Patent No. WO2006046879A2: Method Of Making Colorless And Artificially Colored Clear Beer

patent-logo
Today in 2006, US Patent WO 2006046879 A2 was issued, an invention of Alberto D. Rivera, Emiliano S. Macapugay, Jade Y. De Carlos, assigned to the San Miguel Corporation, for their “Method of Making Colorless and Artificially Colored Clear Beer.” Here’s the Abstract:

This invention is directed to a method of preparing a colorless and artificially colored, clear beer through adsorption process by contacting the wort with activated carbon during wort boiling. This method produces a colorless, clear beer with originally processed inherent taste and aroma utilizing existing brewery process and equipment. Artificially colored, clear beer such as primary- colored beer, which can be conveniently produced using the colorless, clear product is also disclosed.

clear-beer-bottle

Of course, Miller Brewing tried their hand at something similar with their Miller Clear beer, which they tested in 1993. And of course, there was Coors Brewing’s Zima, released a little before that, although they referred to it as a “malt beverage” rather than a beer.

miller-clear-ad

Patent No. 2116006A: Hop And Stem Separator

patent-logo
Today in 1938, US Patent 2116006 A was issued, an invention of Edouard Thys, for his “Hop and Stem Separator.” There’s no Abstract, although in the description it includes this summary:

The object of the present invention is generally to improve and simplify the construction and operation of separators; to provide a separator which is particularly intended for separating stems from hops; and more specifically stated, to provide an inclined endless conveyor having trough-shaped members extending crosswise thereof, said troughs being divided into small pockets and said pockets being so shaped that the hops when deposited on the conveyor will settle in the bottom portion of the pockets while the stems will stand endwise and project upwardly from the pockets or lie on the surface thereof in a position where they can be readily removed by a revolving brush under which the vation of the hop and stem separating machine.

US2116006-0
US2116006-1

Patent No. WO1996012669A1: Method And Apparatus For Enhancing A Beverage Head

patent-logo
Today in 1996, US Patent WO 1996012669 A1 was issued, an invention of Alexander Richard Dunn and John Cooke, assigned to Scottish & Newcastle Plc, for their “Method and Apparatus For Enhancing a Beverage Head.” Here’s the Abstract:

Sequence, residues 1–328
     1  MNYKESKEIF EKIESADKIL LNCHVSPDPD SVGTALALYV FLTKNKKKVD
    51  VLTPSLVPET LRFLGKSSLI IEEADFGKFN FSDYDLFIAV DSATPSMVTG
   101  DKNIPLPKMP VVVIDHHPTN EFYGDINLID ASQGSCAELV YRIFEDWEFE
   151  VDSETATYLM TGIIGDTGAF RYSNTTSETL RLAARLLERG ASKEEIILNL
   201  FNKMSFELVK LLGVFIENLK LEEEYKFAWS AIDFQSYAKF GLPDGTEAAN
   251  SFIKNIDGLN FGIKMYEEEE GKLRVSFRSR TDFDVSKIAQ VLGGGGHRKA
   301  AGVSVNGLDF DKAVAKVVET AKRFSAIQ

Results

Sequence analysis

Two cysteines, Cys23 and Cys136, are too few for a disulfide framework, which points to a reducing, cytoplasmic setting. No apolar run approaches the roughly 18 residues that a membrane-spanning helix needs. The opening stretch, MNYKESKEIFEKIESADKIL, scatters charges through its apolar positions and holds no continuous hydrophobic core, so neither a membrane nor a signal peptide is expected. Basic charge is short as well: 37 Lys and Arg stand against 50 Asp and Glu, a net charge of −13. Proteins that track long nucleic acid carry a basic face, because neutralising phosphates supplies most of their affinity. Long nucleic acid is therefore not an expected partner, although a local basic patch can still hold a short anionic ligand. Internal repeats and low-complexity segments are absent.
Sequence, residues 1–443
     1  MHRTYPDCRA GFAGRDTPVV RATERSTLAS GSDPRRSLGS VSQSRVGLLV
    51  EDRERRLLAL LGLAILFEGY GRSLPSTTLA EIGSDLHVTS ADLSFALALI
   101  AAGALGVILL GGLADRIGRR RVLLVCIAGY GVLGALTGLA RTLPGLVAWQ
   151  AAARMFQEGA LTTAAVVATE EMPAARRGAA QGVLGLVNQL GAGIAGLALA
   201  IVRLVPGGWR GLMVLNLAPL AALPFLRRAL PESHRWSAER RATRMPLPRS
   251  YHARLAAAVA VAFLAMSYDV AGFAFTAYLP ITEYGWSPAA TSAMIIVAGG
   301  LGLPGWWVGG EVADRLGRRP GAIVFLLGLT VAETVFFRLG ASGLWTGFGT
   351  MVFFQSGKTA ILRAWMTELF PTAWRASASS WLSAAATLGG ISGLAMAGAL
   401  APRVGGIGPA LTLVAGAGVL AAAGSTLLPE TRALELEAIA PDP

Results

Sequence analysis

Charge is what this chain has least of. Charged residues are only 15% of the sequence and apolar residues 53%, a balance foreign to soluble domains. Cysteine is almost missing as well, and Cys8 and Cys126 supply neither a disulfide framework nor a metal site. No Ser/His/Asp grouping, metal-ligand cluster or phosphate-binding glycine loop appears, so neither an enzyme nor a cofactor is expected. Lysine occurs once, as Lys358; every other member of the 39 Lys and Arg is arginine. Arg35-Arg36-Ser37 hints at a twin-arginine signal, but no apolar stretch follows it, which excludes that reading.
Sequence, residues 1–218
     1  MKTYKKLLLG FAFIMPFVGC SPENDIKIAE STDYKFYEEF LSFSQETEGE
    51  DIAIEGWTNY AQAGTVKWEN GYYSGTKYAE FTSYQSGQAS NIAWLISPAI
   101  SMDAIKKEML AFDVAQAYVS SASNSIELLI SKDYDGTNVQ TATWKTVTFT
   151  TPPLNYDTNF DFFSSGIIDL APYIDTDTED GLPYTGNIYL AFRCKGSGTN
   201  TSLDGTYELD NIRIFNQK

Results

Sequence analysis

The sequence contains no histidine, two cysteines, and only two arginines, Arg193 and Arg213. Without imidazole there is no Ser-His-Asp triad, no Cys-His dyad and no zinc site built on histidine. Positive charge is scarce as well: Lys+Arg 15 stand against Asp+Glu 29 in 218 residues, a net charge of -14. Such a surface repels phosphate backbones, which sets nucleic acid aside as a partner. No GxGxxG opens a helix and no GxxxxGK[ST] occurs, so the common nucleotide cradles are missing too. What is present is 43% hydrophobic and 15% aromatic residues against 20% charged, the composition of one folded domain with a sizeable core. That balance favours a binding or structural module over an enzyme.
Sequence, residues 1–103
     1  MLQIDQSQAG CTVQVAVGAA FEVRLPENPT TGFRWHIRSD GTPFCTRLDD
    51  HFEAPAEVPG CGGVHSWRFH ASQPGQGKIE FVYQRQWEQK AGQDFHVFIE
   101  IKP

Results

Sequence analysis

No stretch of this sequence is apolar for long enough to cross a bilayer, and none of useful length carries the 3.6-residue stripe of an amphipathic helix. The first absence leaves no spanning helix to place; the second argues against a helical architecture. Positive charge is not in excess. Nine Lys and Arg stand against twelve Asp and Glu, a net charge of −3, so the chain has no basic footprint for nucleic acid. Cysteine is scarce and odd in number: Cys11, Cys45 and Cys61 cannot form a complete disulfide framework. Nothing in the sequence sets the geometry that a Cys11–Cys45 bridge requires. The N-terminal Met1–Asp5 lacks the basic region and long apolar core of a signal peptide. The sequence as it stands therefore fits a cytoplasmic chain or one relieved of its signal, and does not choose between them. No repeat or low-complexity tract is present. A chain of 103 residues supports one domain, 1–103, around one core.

A gas jetting apparatus is used to jet a fine jet of gas through an orifice at a nozzle (18) into a beverage, for example beer, to promote formation of a creamy head. This apparatus may be incorporated into a beverage dispenser, for example a beer tap which dispenses draught beer.

And includes the following description:

“Method and Apparatus for Enhancing a Beverage Head”

This invention relates to a method and apparatus for enhancing a beverage head, particularly, but not exclusively, a head on a draught beer dispensed from a tap.

Sparklers are sometimes used to agitate a flow of beer as it is dispensed from a beer tap; this can promote frothing of the beer and contribute to formation of a head on the dispensed beer. It is also known to provide a single use secondary chamber within a sealed, pressurised beer can from which gas and/or beverage is jetted into beer within the can when the can is opened.

According to a first aspect of the present invention there is provided a method of promoting formation of a beverage head, comprising jetting a fine jet of gas derived from a gas source through at least one orifice and into a dispensed beverage.

The method may form or assist in the formation of a head.

The beverage may be dispensed from a tap; it may be a draught beverage.

The gas may be jetted into the beverage once the beverage has been dispensed. Alternatively or additionally, the gas may be jetted into the beverage whilst the beverage is being dispensed, it may be jetted into a stream of beverage.

Patent No. 8166893B2: Table System Beer Cooler

patent-logo
Today in 2012, US Patent 8166893 B2 was issued, an invention of Edgar Davis, for his “Table System.” Here’s the Abstract:

A table system that includes a table top having an upper surface and a surface covering which covers substantially the upper surface of the table top. The table top and the surface covering have concentric openings with substantially similar diameters.

This invention is directed to a table system and more particularly to a table system having a table top, an opening on the surface of the table top, and a removable bucket contained in the opening.

US08166893-20120501-D00000

US08166893-20120501-D00002

US08166893-20120501-D00003

Patent No. 426965A: Beer-Filtering Apparatus

patent-logo